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Diaspora Eats: 7 African Restaurants in New York City That You Need to Try

Here are seven African restaurants to check out in New York City.

It’s “No Borders” month here at OkayAfrica, which means we'll be highlighting travel and intercontinental relations between people on the continent and in the diaspora.


Food is a major part of the traveling experience, and if your like us, then you're looking for tasty delectables in any city that you might find yourself in. Good food only amplifies the traveling experience and thankfully, the diaspora is brimming with a variety of restaurants that offer savory dishes that'll make your trip even more memorable. They might even remind you of mom's cooking.

Whether you’re looking for options to fit your dietary restrictions or you’re simply looking to stuff your face with quality eats, there’s a spot in the city that will cater to your palette. Below are 8 African restaurants to check out while you’re in New York City.

Check out some of the best African food in HoustonLondon, DC, and Paris

La Savane

Located in Harlem, The Guinean and Ivorian-owned restaurant offers a plethora of West African dishes, and specializes in Ivorian classics like attiéké and foutou served with a variety of soups including okra and tomato stew with peppers.

Ponty Bistro

With locations in Harlem and Gamercy, this fine-dining establishment offers a unique menu of Senegalese-French fusion, which includes dishes like Le Poulet Tagine, a chicken dish served with diced tomatoes and couscous, as well as an extensive selection of seafood entrees.

DF Nigerian Food Truck

The vibrant DF Nigerian Food Truck can be spotted in Midtown, generally around 44th street and 2nd avenue. It's the stop if you're looking to get your fix of Nigerian jollof, fried rice, honey beans and pepper stew, suya and more.

Madiba

Located on Dekalb Ave in Brooklyn, the popular spot serves flavorful South African dishes in a colorful and casual atmosphere. You can try their beef and egg-based bobotie if you're looking for a traditional South African meal, and if you're in the mood for a meaty meal, try the classic  sausage dish, pap and boerewors.

Awash Ethiopian Restaurant

The well-known spot serves Ethiopian staples in locations across Manhattan and Brooklyn. Choose from their classic menu items like Shiro, Doro Wat, or Yebeg Tibs or try the Awash Special which comes with kitfo, marinated beef, lamb and seasoned veggies. It's a prime spot for vegans and vegetarians, as injera the sour-dough flatbread central to Ethiopian cuisine, is naturally vegan.

Ethiopian for dinner!

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Farafina Cafe & Lounge

Farafina Cafe & Lounge in Harlem offers an array of West African dishes, like Senegalese yassa and groundnut stew. It's appeal goes beyond just the food—get the full experience by catching some of the live performances by local talent and ordering from their extensive menu of drinks and cocktails.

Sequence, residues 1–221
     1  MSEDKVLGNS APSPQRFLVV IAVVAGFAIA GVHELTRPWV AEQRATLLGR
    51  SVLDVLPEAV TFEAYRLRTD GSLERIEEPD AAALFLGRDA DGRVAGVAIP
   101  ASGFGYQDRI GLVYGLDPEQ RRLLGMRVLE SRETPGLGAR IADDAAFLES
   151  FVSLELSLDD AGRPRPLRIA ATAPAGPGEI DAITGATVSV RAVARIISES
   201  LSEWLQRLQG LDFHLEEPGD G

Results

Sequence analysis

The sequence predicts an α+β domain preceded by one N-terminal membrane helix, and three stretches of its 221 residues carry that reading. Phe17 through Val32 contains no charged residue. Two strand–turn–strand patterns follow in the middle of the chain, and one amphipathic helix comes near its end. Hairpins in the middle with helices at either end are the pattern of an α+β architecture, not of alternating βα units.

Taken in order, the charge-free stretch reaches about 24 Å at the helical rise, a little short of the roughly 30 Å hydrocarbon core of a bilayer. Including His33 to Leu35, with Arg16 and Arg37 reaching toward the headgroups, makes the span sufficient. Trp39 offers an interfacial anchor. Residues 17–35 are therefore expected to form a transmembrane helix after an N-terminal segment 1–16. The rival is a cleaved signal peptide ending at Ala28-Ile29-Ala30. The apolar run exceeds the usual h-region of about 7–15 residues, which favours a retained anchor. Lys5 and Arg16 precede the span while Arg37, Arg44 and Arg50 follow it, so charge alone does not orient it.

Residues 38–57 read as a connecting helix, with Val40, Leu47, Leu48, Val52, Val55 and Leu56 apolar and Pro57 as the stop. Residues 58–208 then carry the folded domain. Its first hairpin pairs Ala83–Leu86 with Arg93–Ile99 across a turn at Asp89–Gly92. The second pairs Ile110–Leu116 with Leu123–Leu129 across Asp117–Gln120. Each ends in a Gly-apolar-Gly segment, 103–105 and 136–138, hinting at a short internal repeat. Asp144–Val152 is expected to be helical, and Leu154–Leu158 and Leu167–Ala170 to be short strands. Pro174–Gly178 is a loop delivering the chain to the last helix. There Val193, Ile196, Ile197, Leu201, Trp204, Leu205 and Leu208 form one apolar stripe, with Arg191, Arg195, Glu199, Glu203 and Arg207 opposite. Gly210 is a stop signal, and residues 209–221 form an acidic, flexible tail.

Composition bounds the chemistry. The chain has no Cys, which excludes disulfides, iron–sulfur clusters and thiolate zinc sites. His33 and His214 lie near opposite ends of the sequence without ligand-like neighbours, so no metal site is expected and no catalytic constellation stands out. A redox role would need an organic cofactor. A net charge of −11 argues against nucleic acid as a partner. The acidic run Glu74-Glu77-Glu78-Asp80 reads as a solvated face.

Accra Restaurant

This Harlem-based eatery offers Ghanian quick-bites like fried yam served with peppers, and fried fish with plantain. If your tastes fall on the Ghanaian side of the jollof rice spectrum, then Accra Restaurant should be on your list of stops.

Interview
Image supplied by the artist.

Interview: Master KG Talks 'Jerusalema' and Taking Bolobedu House to the World

Prolific South African artist Master KG talks about the international success of 'Jerusalema' , his next music project and hints at an epic collaboration with a certain music heavyweight.

If you haven't heard about South African musician and DJ Master KG then you have definitely been living under a gigantic rock for the past few months. With the international success of his 2019 release "Jerusalema" featuring Nomcebo Zikode, whether you're in America or Europe, New Zealand or Africa, Master KG is an artist on everyone's playlists––and for good reason.

The 24-year-old Limpopo-born artist is behind the viral #JerusalemaDanceChallenge that has seen fans across the world participating not only for social media but even as "team building" exercises at their various workplaces. Admittedly, as the world continues to figure out what life alongside the COVID-19 pandemic looks like, Master KG's music has provided a much-needed moment of reprieve for so many people other than just South Africans.

Aside from "Jerusalema" however, Master KG has a number of hits within his extensive discography in the uniquely South African bolobedu house genre, a "mixture of Afro house instrumentals and bolobedu melodies usually sung with high-pitched autotune (a staple in the subgenre)". Tracks like "Skeleton Move", "Waya Waya" and "Di Boya Limpopo" have become almost anthemic for South Africans particularly during the festive season. For this, Master KG has received and been nominated for several awards including the MTV Europe Music Award for Best African Act and Best Male Southern Africa at the African Muzik Magazine Awards (Afrimma). And while he was surprisingly snubbed at this year's South African Music Awards (SAMAs), it's quite evident that that was a huge mistake on their part and one they won't be making again.

We caught up with Master KG to talk about the international sensation that "Jerusalema" has become, some of the other major projects he's working on, repping hard for Limpopo and how he's hoping to take bolobedu house to the rest of the world.

This interview has been edited for length and clarity.

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